U.S. Studies Online and the Centro Interuniversitario di Storia e Politica Euro-Americana (CISPEA) postgraduate group (www.ceraunavoltalamerica.it) are pleased to present a recurring summary of the key developments in the lead up to the US Presidential Election 2016.
The week was undoubtedly marked by events of the Republican party. Bernie Sanders and Donald Trump were both victorious in Indiana, with 53% of the votes for each. Most of the attention of the columnists and commentators however, was directed to the GOP due to Ted Cruz and John Kasich announcing that they were pulling out of the race.
Trump will be the only candidate to go to the party’s convention with the popular vote in hand, and this is scaring a large part of the establishment (and their constituencies), which are disoriented by the impact of populism embodied by Trump (but it might be better to call it know-nothingism). The party is ultimately looking to surrender under the implosive push of the rhetoric that guided the populist demagogy of the last four years.
This does not necessarily mean that from now on a debate – inside and outside the party –will take place seriously discussing Trump’s candidacy. It would however be particularly useful at this stage, in which the primary representation of the media threatens to transform the United States from the Trumpland to the Trumped Kingdom.
According to Shadi Hamid (author of Islamic Exceptionalism), the “authoritarian temptation” which seems to fascinate Trump might bring the United States to a situation similar to the post-revolutionary Egypt in 2012, when the tension between liberalism and democracy produced an illiberal democracy (on the topic see also Fareed Zakaria on Foreign Affairs and in his book The Future of Freedom).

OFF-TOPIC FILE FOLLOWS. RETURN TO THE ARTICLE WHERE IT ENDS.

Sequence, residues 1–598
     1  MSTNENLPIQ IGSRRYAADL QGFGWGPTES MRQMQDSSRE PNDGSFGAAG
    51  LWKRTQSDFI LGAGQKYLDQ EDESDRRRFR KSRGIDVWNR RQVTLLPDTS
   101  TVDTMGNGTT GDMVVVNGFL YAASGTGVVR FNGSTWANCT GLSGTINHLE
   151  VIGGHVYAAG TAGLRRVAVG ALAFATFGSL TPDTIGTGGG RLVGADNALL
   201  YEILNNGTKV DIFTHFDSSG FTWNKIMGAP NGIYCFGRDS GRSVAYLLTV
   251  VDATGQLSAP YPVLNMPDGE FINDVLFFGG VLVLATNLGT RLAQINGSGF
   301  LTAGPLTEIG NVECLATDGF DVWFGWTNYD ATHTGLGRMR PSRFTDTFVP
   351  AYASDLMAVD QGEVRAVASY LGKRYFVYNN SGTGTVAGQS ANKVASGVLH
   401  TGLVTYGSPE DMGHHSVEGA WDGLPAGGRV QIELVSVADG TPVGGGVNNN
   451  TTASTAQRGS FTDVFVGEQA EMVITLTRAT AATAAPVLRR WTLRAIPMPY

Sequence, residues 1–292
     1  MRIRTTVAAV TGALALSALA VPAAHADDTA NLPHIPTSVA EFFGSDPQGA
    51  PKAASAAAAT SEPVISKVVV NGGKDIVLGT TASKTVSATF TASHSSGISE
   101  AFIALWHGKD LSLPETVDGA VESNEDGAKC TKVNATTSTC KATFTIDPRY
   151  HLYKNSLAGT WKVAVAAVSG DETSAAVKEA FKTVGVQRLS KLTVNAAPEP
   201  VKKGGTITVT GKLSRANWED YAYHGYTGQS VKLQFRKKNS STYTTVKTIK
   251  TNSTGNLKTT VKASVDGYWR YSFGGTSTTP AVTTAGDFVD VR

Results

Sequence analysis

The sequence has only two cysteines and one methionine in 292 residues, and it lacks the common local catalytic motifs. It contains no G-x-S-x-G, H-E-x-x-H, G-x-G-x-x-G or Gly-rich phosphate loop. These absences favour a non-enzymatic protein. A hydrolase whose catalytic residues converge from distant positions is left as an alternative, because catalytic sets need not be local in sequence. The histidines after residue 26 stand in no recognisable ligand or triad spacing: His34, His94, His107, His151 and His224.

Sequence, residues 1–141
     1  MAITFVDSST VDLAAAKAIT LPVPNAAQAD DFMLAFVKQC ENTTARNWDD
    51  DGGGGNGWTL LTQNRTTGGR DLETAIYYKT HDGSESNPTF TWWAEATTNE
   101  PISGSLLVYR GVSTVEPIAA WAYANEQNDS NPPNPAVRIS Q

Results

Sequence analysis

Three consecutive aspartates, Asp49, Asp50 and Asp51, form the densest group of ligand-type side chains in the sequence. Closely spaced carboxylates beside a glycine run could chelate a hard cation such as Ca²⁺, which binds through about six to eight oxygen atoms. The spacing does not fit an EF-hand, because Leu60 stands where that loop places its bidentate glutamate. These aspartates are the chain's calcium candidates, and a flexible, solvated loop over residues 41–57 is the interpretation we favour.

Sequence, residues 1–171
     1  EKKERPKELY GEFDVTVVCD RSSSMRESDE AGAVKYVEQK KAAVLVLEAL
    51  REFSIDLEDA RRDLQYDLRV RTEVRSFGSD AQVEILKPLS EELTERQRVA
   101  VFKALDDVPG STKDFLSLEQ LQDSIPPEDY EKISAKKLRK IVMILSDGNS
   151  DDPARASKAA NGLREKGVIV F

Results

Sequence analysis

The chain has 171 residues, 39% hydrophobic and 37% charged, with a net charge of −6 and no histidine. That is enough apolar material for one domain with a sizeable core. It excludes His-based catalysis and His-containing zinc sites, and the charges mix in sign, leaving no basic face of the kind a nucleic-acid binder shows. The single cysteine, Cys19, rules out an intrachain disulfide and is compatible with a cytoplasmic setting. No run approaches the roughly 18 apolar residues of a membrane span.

It will be interesting to see if the #NeverTrump movement, which is composed of both Republicans and non-Republicans (and has already founded a PAC) will be able to intervene in the party’s dynamics in a decisive way, even if it has not – as yet – expressed any alternative candidate.
For the Democrats, on the one side it is clear that Hillary Clinton’s position cannot but be consolidated, while on the other side it is difficult to objectively evaluate Bernie Sander’s position: he won in Indiana, and he did not quit the race and does not look as if he is willing to do so. He keeps collecting money and, even if he re-organised the forces, seems to be determined to get to the convention at the end.
The difficulties of this evaluation, which has nothing to do with the number of delegates, arise from two factors. The first is the media coverage of Sanders, which is far more extended than a few months ago, but still remains less than Clinton’s. The second is the relationship with the party’s establishment, which is mostly on his competitor’s side. Moreover, it does not hide it, clearly acting in her favor. This is demonstrated, amongst other occasions, by the way the party managed the case of the 126,000 voters who were not able to vote in Brooklyn (it led only to the firing of a chief chair) and by the “circularity” of the funds between the accounts of the state parties and the Hillary Victory Fund.
The irony is that if Sanders, notwithstanding all of this, is still running, we might want to hail it as a miracle. And why not? Maybe what we are going to find at the convention in Philadelphia will be a democratised Democratic party, with a platform oriented to the left and new rules for nominating and electing its candidates.
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Many thanks to the Italian postgraduates of CISPEA for this update.